Our study has inherent limitations. Firstly, although data collection was maintained prospectively in our internet-based platform, the nature of our retrospective analysis could introduce biases. Secondly, certain parameters such as clinical tumor size and deployment of intraoperative tools (e.g., ultrasound, near-infrared fluorescence) were unavailable in this database. Therefore, their potential influence on PSMs remains unexplored in this analysis. Novel technological advancements in robotic surgery and 3D modeling might further enhance surgical precision[29,30]. Thirdly, the unicentric nature of this study could present potential variation in practices and techniques. Fourthly, our research did not involve a centralized pathological review, which could introduce variability in the reporting of PSMs based on individual practices within the institution. Fifthly, we did not detail the specific experience or learning curve of each surgeon involved in the procedures. Consequently, we did not consider the potential variance in outcomes due to surgical experience, relying instead on the overall center caseload as an approximate metric of experience.

It remains crucial for our model’s predictions concerning PSMs to be tested on other cohorts to ensure their applicability and relevance to a broader population undergoing PN.

In conclusion, the primary aim of PN, from an oncological perspective, is to secure negative margins. Based on our prospectively maintained dataset, tumor’s (higher PADUA score and, in particular, collecting system tumor compression) and surgical (imperative indication, SIB score > 2 and off-clamp approach) features represent the main drivers for PSMs. Further study remains necessary to assess the implication of PSMs on survival outcomes.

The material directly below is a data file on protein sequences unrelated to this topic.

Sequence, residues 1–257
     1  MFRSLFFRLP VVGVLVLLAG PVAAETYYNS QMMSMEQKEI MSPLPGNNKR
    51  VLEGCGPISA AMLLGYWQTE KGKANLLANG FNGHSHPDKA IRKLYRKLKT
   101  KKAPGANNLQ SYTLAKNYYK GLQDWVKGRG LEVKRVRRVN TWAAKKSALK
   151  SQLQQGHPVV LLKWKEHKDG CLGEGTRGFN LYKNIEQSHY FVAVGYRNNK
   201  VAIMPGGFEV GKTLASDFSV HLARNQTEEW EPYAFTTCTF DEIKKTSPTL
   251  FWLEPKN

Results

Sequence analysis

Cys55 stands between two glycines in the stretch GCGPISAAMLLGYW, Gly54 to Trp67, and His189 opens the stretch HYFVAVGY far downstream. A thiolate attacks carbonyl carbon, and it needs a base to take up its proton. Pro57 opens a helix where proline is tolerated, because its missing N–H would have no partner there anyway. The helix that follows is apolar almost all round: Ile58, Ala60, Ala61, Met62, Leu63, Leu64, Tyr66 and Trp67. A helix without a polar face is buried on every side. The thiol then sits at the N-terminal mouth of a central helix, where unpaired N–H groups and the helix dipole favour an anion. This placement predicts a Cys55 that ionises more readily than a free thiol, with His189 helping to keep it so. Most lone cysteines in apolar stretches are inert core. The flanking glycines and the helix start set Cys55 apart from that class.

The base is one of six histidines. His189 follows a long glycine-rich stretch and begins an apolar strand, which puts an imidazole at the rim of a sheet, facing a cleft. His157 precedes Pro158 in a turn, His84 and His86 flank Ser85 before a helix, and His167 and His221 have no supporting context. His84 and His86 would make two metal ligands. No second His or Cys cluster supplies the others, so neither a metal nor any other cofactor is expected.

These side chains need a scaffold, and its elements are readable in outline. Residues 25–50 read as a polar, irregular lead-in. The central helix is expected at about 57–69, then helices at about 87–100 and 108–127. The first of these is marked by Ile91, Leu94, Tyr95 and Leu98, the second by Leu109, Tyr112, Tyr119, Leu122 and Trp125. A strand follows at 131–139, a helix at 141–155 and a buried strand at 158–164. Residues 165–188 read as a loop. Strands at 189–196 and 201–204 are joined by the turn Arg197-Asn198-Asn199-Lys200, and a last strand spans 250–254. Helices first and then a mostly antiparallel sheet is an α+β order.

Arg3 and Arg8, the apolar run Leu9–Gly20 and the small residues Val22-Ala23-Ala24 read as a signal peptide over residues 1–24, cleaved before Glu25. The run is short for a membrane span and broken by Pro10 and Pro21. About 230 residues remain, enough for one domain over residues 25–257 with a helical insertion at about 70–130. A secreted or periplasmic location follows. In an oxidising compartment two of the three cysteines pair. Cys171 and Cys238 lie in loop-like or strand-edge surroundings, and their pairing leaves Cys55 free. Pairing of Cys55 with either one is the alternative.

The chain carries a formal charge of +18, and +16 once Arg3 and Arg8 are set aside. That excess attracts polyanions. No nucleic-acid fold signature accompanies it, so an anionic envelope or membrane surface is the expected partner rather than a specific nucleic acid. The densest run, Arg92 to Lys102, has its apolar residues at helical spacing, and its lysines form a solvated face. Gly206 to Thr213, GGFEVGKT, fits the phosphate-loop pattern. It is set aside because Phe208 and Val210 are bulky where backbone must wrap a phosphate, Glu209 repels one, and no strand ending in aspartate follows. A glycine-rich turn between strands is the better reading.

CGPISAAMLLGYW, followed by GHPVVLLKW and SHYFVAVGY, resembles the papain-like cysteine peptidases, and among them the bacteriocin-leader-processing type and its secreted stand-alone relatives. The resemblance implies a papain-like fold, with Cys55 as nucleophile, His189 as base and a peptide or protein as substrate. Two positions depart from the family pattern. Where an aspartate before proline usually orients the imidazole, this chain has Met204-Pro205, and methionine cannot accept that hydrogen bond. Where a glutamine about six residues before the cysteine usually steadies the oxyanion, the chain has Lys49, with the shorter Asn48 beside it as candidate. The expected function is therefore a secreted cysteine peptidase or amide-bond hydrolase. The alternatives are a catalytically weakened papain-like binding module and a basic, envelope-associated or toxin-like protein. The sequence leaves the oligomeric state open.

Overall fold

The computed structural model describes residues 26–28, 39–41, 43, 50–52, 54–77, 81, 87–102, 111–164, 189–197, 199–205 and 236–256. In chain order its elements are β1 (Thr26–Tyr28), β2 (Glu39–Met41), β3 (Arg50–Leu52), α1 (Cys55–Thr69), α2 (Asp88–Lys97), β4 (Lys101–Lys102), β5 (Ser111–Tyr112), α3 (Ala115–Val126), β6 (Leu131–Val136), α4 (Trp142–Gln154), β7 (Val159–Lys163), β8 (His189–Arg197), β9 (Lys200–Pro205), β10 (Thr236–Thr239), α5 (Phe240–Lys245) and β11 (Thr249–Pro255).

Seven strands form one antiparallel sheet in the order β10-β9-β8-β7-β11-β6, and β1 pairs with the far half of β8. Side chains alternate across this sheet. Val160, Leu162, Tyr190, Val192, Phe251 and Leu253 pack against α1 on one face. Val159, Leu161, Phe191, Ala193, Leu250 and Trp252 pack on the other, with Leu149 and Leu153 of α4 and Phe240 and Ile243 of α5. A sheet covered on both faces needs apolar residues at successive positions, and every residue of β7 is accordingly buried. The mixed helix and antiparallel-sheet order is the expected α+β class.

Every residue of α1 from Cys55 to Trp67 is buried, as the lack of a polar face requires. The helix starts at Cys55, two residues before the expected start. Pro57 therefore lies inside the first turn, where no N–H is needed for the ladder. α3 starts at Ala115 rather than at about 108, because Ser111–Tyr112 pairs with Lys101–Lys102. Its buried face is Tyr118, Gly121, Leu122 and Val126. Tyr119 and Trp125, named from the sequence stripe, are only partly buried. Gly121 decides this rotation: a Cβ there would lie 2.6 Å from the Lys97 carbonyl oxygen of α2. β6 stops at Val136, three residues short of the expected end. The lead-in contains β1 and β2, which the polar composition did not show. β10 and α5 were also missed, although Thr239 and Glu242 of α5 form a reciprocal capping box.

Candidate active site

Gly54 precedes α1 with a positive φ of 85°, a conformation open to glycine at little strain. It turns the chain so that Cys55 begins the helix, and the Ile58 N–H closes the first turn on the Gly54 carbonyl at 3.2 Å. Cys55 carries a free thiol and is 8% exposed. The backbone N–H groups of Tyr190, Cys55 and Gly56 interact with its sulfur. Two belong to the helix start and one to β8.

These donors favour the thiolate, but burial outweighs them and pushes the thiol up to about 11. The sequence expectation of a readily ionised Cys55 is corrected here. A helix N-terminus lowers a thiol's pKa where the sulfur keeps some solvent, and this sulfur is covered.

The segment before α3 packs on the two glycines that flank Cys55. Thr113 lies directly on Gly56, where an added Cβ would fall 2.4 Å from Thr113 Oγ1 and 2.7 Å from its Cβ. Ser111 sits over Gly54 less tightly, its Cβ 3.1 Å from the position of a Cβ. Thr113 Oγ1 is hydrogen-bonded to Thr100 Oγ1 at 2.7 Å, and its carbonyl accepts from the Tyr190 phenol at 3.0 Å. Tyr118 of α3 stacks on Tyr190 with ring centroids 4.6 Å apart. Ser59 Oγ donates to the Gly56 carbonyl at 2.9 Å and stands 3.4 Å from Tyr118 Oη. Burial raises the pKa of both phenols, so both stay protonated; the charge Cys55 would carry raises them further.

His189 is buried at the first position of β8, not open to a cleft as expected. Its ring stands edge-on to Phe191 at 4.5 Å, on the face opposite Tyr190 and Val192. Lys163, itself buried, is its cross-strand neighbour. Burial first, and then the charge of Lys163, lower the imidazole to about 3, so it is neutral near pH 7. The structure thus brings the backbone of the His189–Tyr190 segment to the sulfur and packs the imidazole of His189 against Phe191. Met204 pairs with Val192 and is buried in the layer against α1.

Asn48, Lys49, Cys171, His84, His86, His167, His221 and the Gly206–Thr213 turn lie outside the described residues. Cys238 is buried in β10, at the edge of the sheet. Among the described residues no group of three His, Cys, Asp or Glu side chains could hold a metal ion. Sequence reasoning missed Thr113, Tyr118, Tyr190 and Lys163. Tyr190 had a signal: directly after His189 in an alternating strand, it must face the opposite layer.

DECLARATIONS

Acknowledgments

We would like to express our deepest gratitude to the nurses and technical staff at the Department of Urology of Careggi Hospital for their invaluable assistance in patient care.

Authors’ contributions

Conceptualized and designed the study, coordinated the project, led data analysis and interpretation: Mari A

Assisted in conceptualizing and designing the study, contributed to data analysis and involved in manuscript drafting: Grosso A

Worked on data collection and preliminary data analysis and involved in drafting the manuscript: Coco S

Contributed to data collection, specifically in terms of patient interviews and helped manage the dataset: Cadenar A

Managed and organized data, assisted in data acquisition and validation: Bacchiani M

Conducted statistical analyses, involved in manuscript revision for intellectual content: Lambertini L

Drafted and revised manuscript, contributed to study design and literature review: Massaro E

Assisted in recruiting patients, contributed to data collection, helped draft clinical parts of the manuscript: Cianchi G

Responsible for organizing the data and supporting its storage and retrieval, involved in manuscript revision: Conte FL

Took part in the design of the study, specifically in the ethical considerations and methodology, reviewed and edited the manuscript: Sandulli A

Contributed to data analysis and interpretation, provided critical feedback and revisions to the manuscript: Salamone V, Di Maida F, Olivera L, Oriti R, Scelzi S